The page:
Everyone knows that moving house can be expensive, but how do you make sure that you’re prepared and not surprised by any ‘hidden’ or forgotten costs? Here at Bromley Property Company, we give you the lowdown on moving costs, what to factor in, and cover everything you need to know about legal fees, conveyancing, stamp duty and surveyor costs.
We’ve also let you in on some insider secrets and clever tips to help you cut the cost!
Here are the main things you can expect to pay for:
This is when you hire a solicitor to act for you when buying or selling a property and will, on average, cost between £500 and £1,500 (including VAT at 20%) depending on the type of property you are purchasing. They will also conduct local searches, and these will cost you between £250 and £300.
When searching for a solicitor, a personal recommendation goes a long way – ask friends and family if they can put you in touch with a firm they experienced a good service with. Make sure they are accredited by the Solicitors Regulation Authority.
Agents work on commission and most high street agents charge between 1 per cent to 3 per cent of the price of your house sale (this is only paid by sellers, not buyers). Remember to add 20 per cent VAT to this amount. HOWEVER here at Bromley Property Company we work on a different model, charging only 0.75% fee if we conduct your viewings, and 0.5% if you carry out the viewings yourself. We’re leading the way when it comes to a new model of estate agent operation- find out more about our fee structure here.
Stamp duty is the tax payable to the government for changing the documents that specify who owns a particular property. You must pay Stamp Duty Land Tax (SDLT) if you buy property or land over a certain price in England, Wales and Northern Ireland.
Today, the current SDLT threshold is £125,000 for residential properties (both freehold and leasehold and when buying a property through a shared ownership scheme) and, due to changes announced by the government, rates will now now apply only to that part of the property price that falls within each band.
First-time buyers do not need to pay SDLT up to £300,000, and then 5 per cent on the portion from £300,001 to £500,000.
Here’s a handy calculator from the Money Advice Service:
Property price bracket: £0-£125,000
Stamp duty rate: No stamp duty payable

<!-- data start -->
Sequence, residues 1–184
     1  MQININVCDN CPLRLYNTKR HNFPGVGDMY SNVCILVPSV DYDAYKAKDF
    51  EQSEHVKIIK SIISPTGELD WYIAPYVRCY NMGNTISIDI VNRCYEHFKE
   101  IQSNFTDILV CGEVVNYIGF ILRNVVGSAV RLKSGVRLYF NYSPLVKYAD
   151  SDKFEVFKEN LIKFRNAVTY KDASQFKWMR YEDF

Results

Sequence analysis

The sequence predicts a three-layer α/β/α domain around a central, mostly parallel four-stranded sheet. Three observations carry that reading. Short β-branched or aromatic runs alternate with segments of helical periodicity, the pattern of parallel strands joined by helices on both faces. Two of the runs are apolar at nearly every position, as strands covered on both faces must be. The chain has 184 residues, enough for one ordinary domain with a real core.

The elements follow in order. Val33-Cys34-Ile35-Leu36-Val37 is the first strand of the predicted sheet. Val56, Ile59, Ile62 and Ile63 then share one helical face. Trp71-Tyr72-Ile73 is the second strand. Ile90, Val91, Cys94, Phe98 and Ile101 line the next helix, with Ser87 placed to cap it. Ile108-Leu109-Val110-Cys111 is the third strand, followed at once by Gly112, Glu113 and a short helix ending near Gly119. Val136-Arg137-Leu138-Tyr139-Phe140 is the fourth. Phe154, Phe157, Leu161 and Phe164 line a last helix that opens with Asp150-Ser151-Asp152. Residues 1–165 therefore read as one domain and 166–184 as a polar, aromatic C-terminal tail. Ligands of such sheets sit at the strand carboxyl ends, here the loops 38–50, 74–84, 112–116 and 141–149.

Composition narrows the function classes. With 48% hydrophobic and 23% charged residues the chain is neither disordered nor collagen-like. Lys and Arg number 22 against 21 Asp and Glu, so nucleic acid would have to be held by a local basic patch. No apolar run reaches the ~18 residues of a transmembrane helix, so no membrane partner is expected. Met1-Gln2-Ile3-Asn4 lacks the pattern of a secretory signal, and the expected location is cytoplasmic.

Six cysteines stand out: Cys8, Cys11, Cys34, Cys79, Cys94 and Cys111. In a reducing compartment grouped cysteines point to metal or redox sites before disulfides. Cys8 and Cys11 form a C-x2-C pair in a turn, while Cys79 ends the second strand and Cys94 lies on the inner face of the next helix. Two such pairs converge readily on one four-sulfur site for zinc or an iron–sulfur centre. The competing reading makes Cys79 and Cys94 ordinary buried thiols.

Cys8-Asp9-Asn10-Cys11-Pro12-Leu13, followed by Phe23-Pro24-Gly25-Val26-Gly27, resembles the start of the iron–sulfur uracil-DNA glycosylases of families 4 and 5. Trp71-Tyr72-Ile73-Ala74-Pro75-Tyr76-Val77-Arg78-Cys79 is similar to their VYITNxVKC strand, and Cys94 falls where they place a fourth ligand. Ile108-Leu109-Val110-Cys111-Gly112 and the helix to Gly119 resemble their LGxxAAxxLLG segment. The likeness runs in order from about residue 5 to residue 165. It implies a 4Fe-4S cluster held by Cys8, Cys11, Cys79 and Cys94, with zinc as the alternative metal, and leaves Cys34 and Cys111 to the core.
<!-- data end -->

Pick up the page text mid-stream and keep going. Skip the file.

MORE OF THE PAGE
Property price bracket: £125,001-£250,000
Stamp duty rate: 2 per cent
Property price bracket: £250,001-£925,000
Stamp duty rate: 5 per cent
Property price bracket: £925,001-£1.5 million
Stamp duty rate: 10 per cent
Property price bracket: Over £1.5 million
Stamp duty rate: 12 per cent
For example, the stamp duty on a £300,000 property would be £5,000. The tax rate is 1.7 per cent.
Depending on your mortgage, you may have to pay the bank a valuation fee for them to assess how much they are prepared to lend you for the property. This can vary from £150 to £1,500 depending on your mortgage deal.
Before the sale goes through, we strongly advise that you have your property checked by a surveyor. This flags up if there are any structural issues or anything else that may need addressing. You can pay anything from £250 to £600 plus for different surveys, which vary in detail. The most basic – and cheapest – is called a home condition survey. Paying for a good survey could save you a lot of money when it comes to work on your new home further down the line.
When using a removal company, there are many factors that will affect the overall cost, including the distance you are moving, the time of year and the amount of stuff you have. Removal firms usually charge more on Fridays, weekends and at the end of the month.
For a rough idea of cost, a survey by Compare My Move found that the average cost of moving house in the UK came in at £1,761 plus additional charges for packing materials, special care items and access issues.
By making note of these charges and moving costs you can start to budget and plan for buying and/or selling your property, and there hopefully won’t be any nasty shocks!